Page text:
### Browsing by Author "Leonard, Naomi E."

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Item Adaptive Friction Compensation for Bi-Directional Low-Velocity Position Tracking(1992) Leonard, Naomi E.; Krishnaprasad, Perinkulam S.; ISRThis paper presents a comparative investigation of friction- compensating control strategies designed to improve low-velocity position tracking performance in the presence of velocity reversals for servomechanisms. The methods considered include adaptive control and estimation-based control. Additionally, the various controller designs incorporate different friction models ranging from classical friction and Stribeck friction to the less popular Dahl friction model. This investigation of friction models is motivated by the fact that there is little consensus in the literature on how best to model friction for dynamic friction compensation. the control strategies are compared in an extensive test program involving sinusoidal position trajectory tracking experiments on a direct-drive dc motor. We focus attention on comparative experimental results of friction compensation especially with repeated velocity reversals. The results show that the adaptive experiments also yield insight into the appropriateness of the different friction models under the tested operating conditions. In particular, the Dahl model, typically ignored in the literature proves to be significant for the firction-compensating control problem with repeated zero- velocity crossings.Item Averaging and Motion Control of Systems on Lie Groups(1994) Leonard, Naomi E.; Krishnaprasad, P.S.; ISRIn this dissertation, we study motion control problems in the framework of systems on finite-dimentional Lie groups. Nonholonomic motion control problems are challenging because nonlinear controllability theory does not provide an explicit procedure for constructing controls and linearization techniques, typically effective for nonlinear system analysis, fail to be useful. Our approach, distinguished from previous motion control research, is to exploit the Lie group framework since it provides a natural and mathematically rich setting for studying nonholonomic systems. In particular, we use the framework to develop explicit, structured formulas that describe system behavior and from these formulas we derive a systematic say of synthesizing controls to achieve desired motion.As our main tool we derive averaging theory for left-invariant systems on finite-dimensional Lie groups. This theory provides basis- independent formulas which approximate system behavior on the Lie group to arbitrarily high order in given small () amplitude, periodically time-varying control inputs. We interpret the average formulas geometrically and exploit this interpretation to prove a constructive controllability theorem for the average system. The proof of this theorem provides a constructive control synthesis methodology for drift-free systems which we use to derive algorithms which synthesize sinusoidal open-loop controls. We apply the algorithms to several under-actuated mechanical control problems including problems in spacecraft attitude control, unicycle motion control and autonomous underwater vehicle control. We illustrate the effectiveness of the synthesized controls by simulation and experimentation. We show further that as a consequence of the geometry inherited from the average formulas, our algorithms can be used to produce motion controls that adapt to changes in control authority such as loss of an actuator.

We also apply our theory to synthesize controls for bilinear control systems on Rn possibly with drift. Our approach is to control the system state by controlling the state transition matrix which evolves on a matrix Lie group. We design and demonstrate a controller for an example system with drift, a simple switched electrical network.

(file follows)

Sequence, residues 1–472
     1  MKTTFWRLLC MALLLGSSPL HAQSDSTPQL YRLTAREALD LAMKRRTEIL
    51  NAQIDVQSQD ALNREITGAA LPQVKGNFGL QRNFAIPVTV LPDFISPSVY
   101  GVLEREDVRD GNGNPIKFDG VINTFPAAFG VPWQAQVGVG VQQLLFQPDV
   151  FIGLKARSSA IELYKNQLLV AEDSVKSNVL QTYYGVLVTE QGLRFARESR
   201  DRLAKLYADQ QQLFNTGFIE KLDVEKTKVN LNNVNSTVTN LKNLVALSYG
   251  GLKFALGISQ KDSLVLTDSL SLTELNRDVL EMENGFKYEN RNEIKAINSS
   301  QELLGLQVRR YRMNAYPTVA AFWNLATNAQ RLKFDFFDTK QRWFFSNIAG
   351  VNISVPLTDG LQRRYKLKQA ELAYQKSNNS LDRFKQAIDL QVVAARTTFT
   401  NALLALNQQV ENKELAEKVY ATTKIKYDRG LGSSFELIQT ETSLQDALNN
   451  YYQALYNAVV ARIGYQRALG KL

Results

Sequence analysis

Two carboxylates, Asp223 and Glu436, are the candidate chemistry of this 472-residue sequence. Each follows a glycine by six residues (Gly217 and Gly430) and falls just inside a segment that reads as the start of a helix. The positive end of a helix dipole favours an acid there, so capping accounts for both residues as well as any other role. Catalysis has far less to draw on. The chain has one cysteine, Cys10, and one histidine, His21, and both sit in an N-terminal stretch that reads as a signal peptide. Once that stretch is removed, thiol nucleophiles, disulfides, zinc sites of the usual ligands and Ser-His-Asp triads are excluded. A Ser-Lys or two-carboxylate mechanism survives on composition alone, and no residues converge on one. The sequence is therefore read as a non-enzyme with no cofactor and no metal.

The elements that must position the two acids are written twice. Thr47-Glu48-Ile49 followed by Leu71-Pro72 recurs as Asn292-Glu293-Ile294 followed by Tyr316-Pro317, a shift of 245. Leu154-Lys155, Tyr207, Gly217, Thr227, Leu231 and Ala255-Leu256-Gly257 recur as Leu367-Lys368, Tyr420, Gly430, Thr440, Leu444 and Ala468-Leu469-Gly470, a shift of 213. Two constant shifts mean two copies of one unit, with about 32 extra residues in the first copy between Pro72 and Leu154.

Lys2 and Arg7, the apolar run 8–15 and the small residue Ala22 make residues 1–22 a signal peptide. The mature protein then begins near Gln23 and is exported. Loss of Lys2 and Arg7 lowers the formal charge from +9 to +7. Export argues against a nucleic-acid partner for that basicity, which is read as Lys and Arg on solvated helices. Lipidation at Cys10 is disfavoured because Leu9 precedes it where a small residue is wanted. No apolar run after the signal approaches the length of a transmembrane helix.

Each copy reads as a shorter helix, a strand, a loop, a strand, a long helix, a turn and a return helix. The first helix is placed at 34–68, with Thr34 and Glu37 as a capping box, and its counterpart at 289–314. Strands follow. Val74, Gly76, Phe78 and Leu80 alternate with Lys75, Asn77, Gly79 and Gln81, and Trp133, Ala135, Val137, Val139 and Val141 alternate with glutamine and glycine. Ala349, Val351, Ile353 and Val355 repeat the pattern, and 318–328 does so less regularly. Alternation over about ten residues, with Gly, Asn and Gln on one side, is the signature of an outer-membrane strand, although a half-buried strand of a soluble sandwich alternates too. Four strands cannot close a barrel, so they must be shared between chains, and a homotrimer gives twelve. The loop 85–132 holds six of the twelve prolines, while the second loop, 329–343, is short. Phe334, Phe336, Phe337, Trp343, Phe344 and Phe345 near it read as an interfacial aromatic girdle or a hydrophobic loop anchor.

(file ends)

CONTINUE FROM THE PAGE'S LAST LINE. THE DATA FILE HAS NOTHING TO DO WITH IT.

Item Averaging and Motion Control On Lie Groups(1993) Leonard, Naomi E.; Krishnaprasad, Perinkulam S.; ISRThe deeper investigation of problems of feedback stabilization and constructive controllability has drawn increased attention to the question of structuring control systems. Thus, for instance, it is interesting to know how to combine periodic open loop controls with intermittent feedback corrections to achieve prescribed behavior in robotic motion planning systems. As a first step towards understanding this type of question, it would be useful to obtain some insight into the average behavior of a periodically forced system. In the present paper we are primarily interested in periodic forcing of left-invariant systems on Lie groups such as would arise in spacecraft attitude control. We prove averaging theorems applicable to systems evolving on general matrix Lie groups with particular focus on the attitude control problem. The results of this paper also yield useful formulae for motion planning of a variety of other systems such as an underwater vehicle which can be modeled as a control system evolving on the Lie group SE (3).Item Comparative Study of Friction-Compensating Control Strategies for Servomechanisms(1991) Leonard, Naomi E.; Krishnaprasad, Perinkulam S.; ISRThis paper describes a comparative investigation of friction- compensating control strategies designed to improve low-velocity position tracking performance for servomechanisms. Several control methods are considered including adaptive control and estimation-based control. Additionally, the various controller designs incorporate different friction models ranging from classical friction and Stribeck friction to the less popular Dahl friction model. This investigation of friction models is motivated by the fact that there is little consensus in the literature on how best to model friction for dynamic friction compensation. The control strategies are compared in an extensive test program involving position tracking experiments on a direct- drive de motor. This effort addresses the current lack of comparative experimental results on friction compensation. The results show that the adaptive and estimation-based controllers outperform more traditional linear controllers. The experiments also yield insight into the appropriateness of the different friction models under the tested operating conditions. In particular, the Dahl model is observed to provide a reliable representation of friction behavior near zero velocity.Item Control Synthesis and Adaptation for an Underactuated Autonomous Underwater Vehicle(1994) Leonard, Naomi E.; ISRThe motion of an autonomous underwater vehicle (AUV) is controllable even with reduced control authority such as in the event of an actuator failure. In this paper we describe a technique for synthesizing controls for underactuated AUV's and show how to use this technique to provide adaptation to changes in control authority. Our frame-work is a motion control system architecture which includes both feedforward control as well as feedback control. We confine ourselves to kinematic models and exploit model nonlinearities to synthesize controls. Our results are illustrated for two examples, the first a yaw maneuver of an AUV using only roll and pitch actuation, and the second a ﲰarking maneuver for an AUV. Experimental results for the yaw maneuver example are described.Item High-Order Averaging on Lie Groups and Control of an Autonomous Underwater Vehicle(1993) Leonard, Naomi E.; Krishnaprasad, Perinkulam S.; ISRIn this paper we extend our earlier results on the use of periodic forcing and averaging to solve the constructive controllability problem for drift-free left-invariant systems on Lie groups with fewer controls than state variables. In particular, we prove a third-order averaging theorem applicable to systems evolving on general matrix Lie groups and show how to use the resulting approximations to construct open loop controls for complete controllability of systems that require up to depth- two Lie brackets to satisfy the Lie algebra controllability rank condition. The motion control problem for an autonomous underwater vehicle is modeled as a drift-free left-invariant system on the matrix Lie group SE (3). In the general case, when only one translational and two angular control inputs are available, this system satisfies the controllability rank condition using depth-two Lie brackets. We use the third-order averaging result and its geometric interpretation to construct open loop controls to arbitrarily translate and orient an autonomous underwater vehicle.Item Motion Control of Drift-Free, Left-Invariant Systems on Lie Groups(1994) Leonard, Naomi E.; Krishnaprasad, Perinkulam S.; ISRIn this paper we address the constructive controllability problem for drift free, left-invariant systems on finite-dimensional Lie groups with fewer controls than state dimension. We consider small (e) amplitude, low-frequency, periodically time-varying controls and derive average solutions for system behavior. We show how the pth-order average formula can be used to construct open-loop controls for point-to-point maneuvering of systems that require up to ( p - 1) iterations of Lie brackets to satisfy the Lie algebra controllability rank condition. In the cases p =2,3, we give algorithms for constructing these controls as a function of structure constants that define the control authority, i.e., the actuator capability, of the system. The algorithms are based on a geometric interpretation of the average formulas and produce sinusoidal controls that solve the constructive controllability problem with O (ep) accuracy in general (exactly if the Lie algebra is nipotent). The methodology is applicable to a variety of control problems and is illustrated for the motion control problem of an autonomous underwater vehicle with as few as three control inputs.Item Motion Control of Drift-Free, Left-Invariant Systems on Lie Groups, Part II: A General Constructive Control Algorithm(1994) Leonard, Naomi E.; Krishnaprasad, Perinkulam S.; ISRIn this paper we present a general algorithm for constructing open-loop controls to solve the complete constructive controllability problem for drift-free invariant systems on Lie groups that satisfy the Lie algebra controllability rank condition with up to ( p - 1) iterations of Lie brackets, p = 1,2,3. Specifically, given only the structure constants of the given system, an initial condition Xi, a final condition Xf and a final time tf, the algorithm specifies open-loop, small (e) amplitude sinusoidal controls such that the system starting from Xi, reaches Xf at t = tf, with O (ep) accuracy. The algorithm is based on the formulas and geometric interpretation of the average approximations to the solution given in Part I to this paper. To illustrate the effectiveness of the algorithms, we apply it to three problems: the spacecraft attitude control problem with only two controls available, the unicycle motion planning problem and the autonomous underwater vehicle motion control problem with only three controls available.